England v Pakistan: Jos Buttler says he considered quitting white-ball cricket
|England v Pakistan, first Test|
|Date: 24-28 May Time: 11:00 BST Venue: Lord's|
|Coverage: Ball-by-ball Test Match Special commentary on BBC Radio 5 live sports extra, Radio 4 LW and the BBC Sport website. Live text commentary on the BBC Sport website and app. Full tour details|
England batsman Jos Buttler says he considered quitting white-ball cricket to regain his place in the Test team.
Buttler, 27, has been recalled for this week's first Test with Pakistan despite only playing four first-class matches since his last Test in 2016.
He is regarded as one of the world's best white-ball players and has instead played in various Twenty20 tournaments.
However, he said he "definitely" considered focusing solely on red-ball cricket for "a couple of years".
"Having not being selected in the Ashes squad, I had thought maybe the best way of being the best red-ball player I can be was to stop playing white-ball cricket for a couple of years and give red-ball cricket a real stab," Buttler told BBC Radio 5 live's Tuffers and Vaughan cricket show.
England's Adil Rashid and Alex Hales, who were both also dropped from the Test team, decided to just play limited-overs formats when signing white ball-only contracts with their counties.
Buttler said he also considered the move but "didn't want to put all his eggs in one basket".
His Test recall comes after an impressive stint in the Indian Premier League, scoring 548 runs in 13 innings - including five consecutive half-centuries.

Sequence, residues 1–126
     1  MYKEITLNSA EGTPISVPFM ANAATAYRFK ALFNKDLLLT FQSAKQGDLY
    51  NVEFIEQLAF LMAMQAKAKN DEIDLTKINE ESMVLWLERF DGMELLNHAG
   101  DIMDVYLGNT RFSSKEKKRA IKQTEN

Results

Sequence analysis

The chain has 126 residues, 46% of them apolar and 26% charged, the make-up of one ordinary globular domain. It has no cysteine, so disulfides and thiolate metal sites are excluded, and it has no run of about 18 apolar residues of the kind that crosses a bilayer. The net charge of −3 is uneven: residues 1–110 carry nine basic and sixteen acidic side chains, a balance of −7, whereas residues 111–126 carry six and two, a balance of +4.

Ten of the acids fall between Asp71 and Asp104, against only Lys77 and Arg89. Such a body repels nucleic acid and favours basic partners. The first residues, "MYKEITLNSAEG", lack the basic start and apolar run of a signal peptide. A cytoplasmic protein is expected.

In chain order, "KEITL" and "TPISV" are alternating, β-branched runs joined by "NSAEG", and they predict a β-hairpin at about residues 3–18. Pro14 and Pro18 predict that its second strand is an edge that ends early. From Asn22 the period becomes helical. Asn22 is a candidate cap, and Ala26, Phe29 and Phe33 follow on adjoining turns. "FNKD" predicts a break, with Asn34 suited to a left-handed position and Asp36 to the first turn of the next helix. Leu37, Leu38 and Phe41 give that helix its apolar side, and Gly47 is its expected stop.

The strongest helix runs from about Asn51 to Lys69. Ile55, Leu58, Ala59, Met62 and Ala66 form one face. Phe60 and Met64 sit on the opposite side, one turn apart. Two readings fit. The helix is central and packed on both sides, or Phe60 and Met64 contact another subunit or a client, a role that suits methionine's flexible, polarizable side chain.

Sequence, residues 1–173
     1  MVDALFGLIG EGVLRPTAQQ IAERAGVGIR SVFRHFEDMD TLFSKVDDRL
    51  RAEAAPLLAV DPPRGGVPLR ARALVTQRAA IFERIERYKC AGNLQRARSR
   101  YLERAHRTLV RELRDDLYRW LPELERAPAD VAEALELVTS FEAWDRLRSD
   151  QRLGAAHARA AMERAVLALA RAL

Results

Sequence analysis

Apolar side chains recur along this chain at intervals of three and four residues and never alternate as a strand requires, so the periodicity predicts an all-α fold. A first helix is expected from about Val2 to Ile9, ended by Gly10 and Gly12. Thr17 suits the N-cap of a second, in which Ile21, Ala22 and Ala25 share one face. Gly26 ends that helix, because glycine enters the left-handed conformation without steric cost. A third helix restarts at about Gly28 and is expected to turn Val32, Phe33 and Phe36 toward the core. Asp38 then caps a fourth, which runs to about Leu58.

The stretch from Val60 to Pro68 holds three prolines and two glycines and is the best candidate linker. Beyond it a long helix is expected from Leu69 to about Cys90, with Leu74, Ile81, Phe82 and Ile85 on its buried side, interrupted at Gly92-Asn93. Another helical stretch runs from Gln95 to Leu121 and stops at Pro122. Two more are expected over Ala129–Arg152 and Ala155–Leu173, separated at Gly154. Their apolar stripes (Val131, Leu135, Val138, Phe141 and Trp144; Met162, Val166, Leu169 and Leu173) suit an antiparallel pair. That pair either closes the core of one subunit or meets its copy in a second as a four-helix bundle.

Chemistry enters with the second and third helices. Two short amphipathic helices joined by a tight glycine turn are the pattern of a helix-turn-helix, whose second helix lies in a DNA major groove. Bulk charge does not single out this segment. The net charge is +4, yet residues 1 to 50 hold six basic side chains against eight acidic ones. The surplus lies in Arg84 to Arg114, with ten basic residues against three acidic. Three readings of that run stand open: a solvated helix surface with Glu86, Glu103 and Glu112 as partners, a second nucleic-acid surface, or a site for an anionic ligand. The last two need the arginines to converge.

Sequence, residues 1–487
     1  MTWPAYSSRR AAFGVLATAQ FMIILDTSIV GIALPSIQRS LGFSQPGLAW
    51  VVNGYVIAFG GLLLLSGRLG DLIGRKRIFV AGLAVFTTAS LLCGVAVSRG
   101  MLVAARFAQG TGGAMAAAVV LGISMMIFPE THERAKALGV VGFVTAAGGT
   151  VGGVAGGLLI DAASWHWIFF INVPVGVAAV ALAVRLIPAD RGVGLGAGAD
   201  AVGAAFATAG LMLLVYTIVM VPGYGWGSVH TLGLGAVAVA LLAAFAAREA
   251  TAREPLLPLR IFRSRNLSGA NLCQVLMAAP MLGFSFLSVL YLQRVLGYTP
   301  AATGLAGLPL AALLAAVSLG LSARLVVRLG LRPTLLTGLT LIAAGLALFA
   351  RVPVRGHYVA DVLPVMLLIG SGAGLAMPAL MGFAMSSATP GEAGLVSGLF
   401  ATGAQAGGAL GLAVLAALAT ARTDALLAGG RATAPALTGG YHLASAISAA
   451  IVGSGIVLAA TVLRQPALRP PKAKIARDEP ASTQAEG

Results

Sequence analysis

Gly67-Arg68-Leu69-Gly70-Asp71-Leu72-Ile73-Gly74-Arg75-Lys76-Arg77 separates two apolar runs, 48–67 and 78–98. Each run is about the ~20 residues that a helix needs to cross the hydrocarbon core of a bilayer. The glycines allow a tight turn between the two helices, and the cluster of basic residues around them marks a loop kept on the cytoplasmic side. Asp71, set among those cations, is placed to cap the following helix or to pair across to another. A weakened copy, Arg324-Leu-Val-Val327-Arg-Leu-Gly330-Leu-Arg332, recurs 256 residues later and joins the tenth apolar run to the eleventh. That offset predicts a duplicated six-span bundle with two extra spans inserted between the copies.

"You wonder whether when playing a lot of white-ball and franchise tournaments, do you have enough time to work on your game seriously and show you are trying to improve and get back in [the Test team]?" Buttler said.
"Then you come back to it and think there is no reason you shouldn't be able to play all forms.
"What is really my strength I would have been going away from. It probably wouldn't have been a very smart decision."
'Recall a fantastic surprise'
Buttler, a key member of England's limited-overs team, played the last of his 18 Tests in December 2016 against India and said his recall "feels like another debut".
He has kept wicket before in England's Test team but this time has been picked as a specialist batsman.
"It's a fantastic surprise and an incredible opportunity," he said.
"Any time you turn up here at Lord's it's special, and all of those emotions are arriving today."
The Lancashire batsman was dropped after averaging 31.36 in his first spell in Test cricket and said a recall "wasn't particularly on my radar".
However, he said he spoke with former Australian leg-spinner Shane Warne about how he could "potentially get back" into Test cricket.
"You always think maybe that race is run and will never happen again," he said.
"It's not that you live with regrets, but you definitely miss it. To get that call, the overriding emotion was excitement.
"I came for a hit here on Saturday. Turning up here on England duty to play a Test match is unbelievable."
The first Test against Pakistan at Lord's starts on Thursday.